Just as required knowledge and skills change over time, so does the way we acquire them. Continuing professional education has been around for decades, and with things ever-changing, you can expect the requirements to accumulate CPE courses and credits to increase in the future.

As the accounting profession goes forward, and technology and the need to acquire other competencies introduce changes, there’s an ever-increasing universe of knowledge required to stay competitive and current.

To help you get a handle on where we are in terms of CPE, and some of the places we might be headed, we surveyed seven of the leading providers of CPE courses and credits. These included several state societies, the American Institute of CPAs, and a number of private CPE providers. Keep in mind that these are far from the only places where you can earn credit. Other providers include colleges, and even local and national accounting shows.

Specialized CPE is also offered by societies and organizations that administer and sponsor certification programs. You may even be able to gain credit for courses taken in other countries. Keep in mind that the phrase “CPE credit” does not actually guarantee that the credit you earn from a particular course or seminar will actually be applicable to your requirements for remaining certified as a CPA or in a certification specialty.

Tracking and managing CPE credit is important, according to Jassen Bowman, chief marketing officer of course provider Prolaera: “Course tracking and management is important for a number of reasons. First, firms want a convenient way to gauge staff compliance with their CPE requirements. Second, many professionals have multiple, overlapping CPE requirements, or special CPE requirements for specific practice areas. Also, a CPA may have licenses in multiple states and/or also maintain other certifications, such as the Certified Fraud Examiner or the Certified Internal Auditor, each with varying yet overlapping CPE requirements. A quality CPE tracking platform will automatically apply CPE courses you take, from any CPE provider, to the requirements for each license, certification and special situation that applies.”

Bill Sheridan, chief communications officer for the Maryland Association of CPAs’ Business Learning Institute, added, “A sophisticated learning management system will not only track which courses you’ve taken; it will also track which courses you need to take in order to take the next step down your career path, and alert you when it’s time to take those courses. It will also make it easy to report your progress to the appropriate regulatory bodies.”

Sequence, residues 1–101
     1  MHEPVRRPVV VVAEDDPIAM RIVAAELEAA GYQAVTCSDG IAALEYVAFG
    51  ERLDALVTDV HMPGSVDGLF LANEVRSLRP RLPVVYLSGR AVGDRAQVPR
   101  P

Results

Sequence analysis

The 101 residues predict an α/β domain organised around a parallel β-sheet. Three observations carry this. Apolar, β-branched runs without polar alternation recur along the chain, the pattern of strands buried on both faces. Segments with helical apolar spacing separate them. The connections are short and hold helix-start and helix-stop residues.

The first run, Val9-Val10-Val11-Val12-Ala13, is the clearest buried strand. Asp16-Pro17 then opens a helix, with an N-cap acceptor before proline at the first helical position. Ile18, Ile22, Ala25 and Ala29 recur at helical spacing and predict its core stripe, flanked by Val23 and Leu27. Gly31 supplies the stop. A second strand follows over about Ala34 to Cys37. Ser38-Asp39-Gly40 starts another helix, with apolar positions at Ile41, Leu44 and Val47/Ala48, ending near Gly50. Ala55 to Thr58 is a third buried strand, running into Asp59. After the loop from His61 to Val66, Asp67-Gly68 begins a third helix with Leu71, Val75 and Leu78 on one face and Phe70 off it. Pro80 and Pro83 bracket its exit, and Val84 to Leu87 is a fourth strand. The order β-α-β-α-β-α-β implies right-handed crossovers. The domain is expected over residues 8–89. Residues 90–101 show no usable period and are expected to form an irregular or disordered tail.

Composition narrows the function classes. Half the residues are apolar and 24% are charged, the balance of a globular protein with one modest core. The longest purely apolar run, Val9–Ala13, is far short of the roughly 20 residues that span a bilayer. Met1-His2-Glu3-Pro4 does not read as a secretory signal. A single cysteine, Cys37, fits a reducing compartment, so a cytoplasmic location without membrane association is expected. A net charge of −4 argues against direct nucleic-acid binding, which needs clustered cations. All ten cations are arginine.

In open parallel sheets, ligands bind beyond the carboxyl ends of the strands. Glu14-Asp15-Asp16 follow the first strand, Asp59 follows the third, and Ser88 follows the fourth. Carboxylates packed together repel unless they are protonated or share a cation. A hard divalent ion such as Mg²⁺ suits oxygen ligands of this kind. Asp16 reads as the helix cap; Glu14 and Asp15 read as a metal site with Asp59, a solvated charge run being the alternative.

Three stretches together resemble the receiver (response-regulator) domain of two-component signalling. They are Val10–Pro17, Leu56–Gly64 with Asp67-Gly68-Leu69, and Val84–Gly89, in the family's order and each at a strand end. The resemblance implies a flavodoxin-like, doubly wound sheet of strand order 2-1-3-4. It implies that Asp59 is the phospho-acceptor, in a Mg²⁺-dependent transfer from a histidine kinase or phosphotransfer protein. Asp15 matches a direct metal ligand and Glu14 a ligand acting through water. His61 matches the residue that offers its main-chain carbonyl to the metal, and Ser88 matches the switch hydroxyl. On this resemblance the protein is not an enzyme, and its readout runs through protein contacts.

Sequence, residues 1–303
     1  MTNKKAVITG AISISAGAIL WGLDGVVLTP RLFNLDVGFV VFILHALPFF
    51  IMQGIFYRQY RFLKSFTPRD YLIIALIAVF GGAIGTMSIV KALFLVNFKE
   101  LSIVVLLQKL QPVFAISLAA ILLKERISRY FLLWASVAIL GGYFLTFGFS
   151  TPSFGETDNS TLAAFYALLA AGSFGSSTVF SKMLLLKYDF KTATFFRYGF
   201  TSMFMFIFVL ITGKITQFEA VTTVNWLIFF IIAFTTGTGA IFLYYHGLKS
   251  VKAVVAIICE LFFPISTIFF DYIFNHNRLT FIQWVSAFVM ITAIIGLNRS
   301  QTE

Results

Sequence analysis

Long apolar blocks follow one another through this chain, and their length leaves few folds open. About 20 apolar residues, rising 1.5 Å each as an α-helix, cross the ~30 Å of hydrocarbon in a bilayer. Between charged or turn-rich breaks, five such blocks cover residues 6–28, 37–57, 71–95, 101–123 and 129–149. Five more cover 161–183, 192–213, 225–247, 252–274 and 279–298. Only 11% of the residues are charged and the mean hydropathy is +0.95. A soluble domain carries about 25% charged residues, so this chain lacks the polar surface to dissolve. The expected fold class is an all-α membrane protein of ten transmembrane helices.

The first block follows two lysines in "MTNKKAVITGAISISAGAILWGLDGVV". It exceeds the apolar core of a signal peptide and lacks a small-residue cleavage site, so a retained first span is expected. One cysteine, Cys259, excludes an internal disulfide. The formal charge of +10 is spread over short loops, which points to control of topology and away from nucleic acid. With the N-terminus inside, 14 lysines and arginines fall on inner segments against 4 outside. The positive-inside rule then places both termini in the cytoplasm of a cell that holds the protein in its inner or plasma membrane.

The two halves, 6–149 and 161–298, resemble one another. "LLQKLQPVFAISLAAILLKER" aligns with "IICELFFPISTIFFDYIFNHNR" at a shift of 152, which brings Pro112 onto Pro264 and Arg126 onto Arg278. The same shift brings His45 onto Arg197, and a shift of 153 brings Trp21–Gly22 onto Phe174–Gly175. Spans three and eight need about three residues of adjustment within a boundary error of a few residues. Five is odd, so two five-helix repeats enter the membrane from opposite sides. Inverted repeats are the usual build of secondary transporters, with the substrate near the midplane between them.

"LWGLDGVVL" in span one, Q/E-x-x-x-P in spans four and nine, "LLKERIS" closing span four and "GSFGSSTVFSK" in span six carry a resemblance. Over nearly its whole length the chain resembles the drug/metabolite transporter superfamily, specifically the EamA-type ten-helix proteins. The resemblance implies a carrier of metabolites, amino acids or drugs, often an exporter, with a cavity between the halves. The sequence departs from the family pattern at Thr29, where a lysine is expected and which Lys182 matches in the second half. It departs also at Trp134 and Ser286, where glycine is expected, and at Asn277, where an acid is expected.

Thomson Reuters Tax & Accounting’s senior director of product development, Christopher Horne, sees CPE management as a crucial part of their offering: “One of our key features is CPE tracking. We research the unique CPE rules and requirements of over 70 different jurisdictions, so when you enter your CPE credits into Checkpoint Learning, you not only see what you have taken, but what else you still need to do in order to be compliant with your license/certification renewal CPE requirements. Organizations can look across their learners and spot learning needs early, and schedule training to meet specific needs.”

The littlest next big thing
Content is not the only way that CPE is changing, though it is a welcome evolution. Delivery of this content is also evolving from staid hours of formal sit-behind-a-desk school-type lectures and seminars. Lectures haven’t gone away, nor are they likely to. There’s just too much content already available in this format, and some accountants learn best in a formal structured environment. But as the cliché goes, “Variety is the spice of life.”

One delivery trend that’s starting to become popular is nano-courses. A nano-course is a very short course, generally about 10 minutes or so, often delivering two-tenths of an hour of CPE credit. With CPE requirements for maintaining CPA certification running 40 hours or so, nano-courses are obviously not going to be the primary method of collecting required CPE hours.

Still, the idea of being able to accumulate at least a little credit, and some knowledge, at the end of a lunch hour or between finishing one task and beginning another, is attractive to many users, and vendors, of CPE. But not all of them.

Ken Koskay, CPA, CFP, senior director of global accounts for Becker Professional Education, doesn’t see nano-courses as being a major influence on CPE: “While nano-learning is interesting, there has not been wide-scale adoption of nano-courses and customers have not demanded these courses. Only a few states have approved awarding CPE credit for completion of nano-courses.”

Prolaera’s Bowman doesn’t agree. “Over the next two to three years, we’re (hopefully) going to see more states adopt the new [National Association of State Boards of Accountancy] standards and embrace nano-learning and hybrid course formats as an allowable option. This will greatly expand the use of mobile technology, in particular for CPE completion. Prolaera was built from scratch around the nano-learning concept, but also to function within the existing self-study framework and the standard 50-minute CPE hour that all but a few states still mandate. For the states that embrace nano-learning, our customers can break courses down into shorter stand-alone nano versions with just a few clicks.”

Michael McKenzie Grant, director of learning design and development for the American Institute of CPAs, points out several reasons why this different approach is desirable. “Attention spans are shrinking, Internet bandwidth is getting faster and more widespread in many geographic areas (especially in the U.S.), which is increasing the momentum for more nano-learning courses,” he explained. “Providing short segments of instruction and helpful resources empowers the just-in-time performance support that modern learners greatly value.”

Becker’s Koskay believes that virtual reality is another possible direction for CPE: “There are many potential uses of virtual reality that could be applied to teaching CPAs. For example, virtual reality courses could be developed to teach auditors how to perform an audit, including client interviews and forensic investigative techniques.”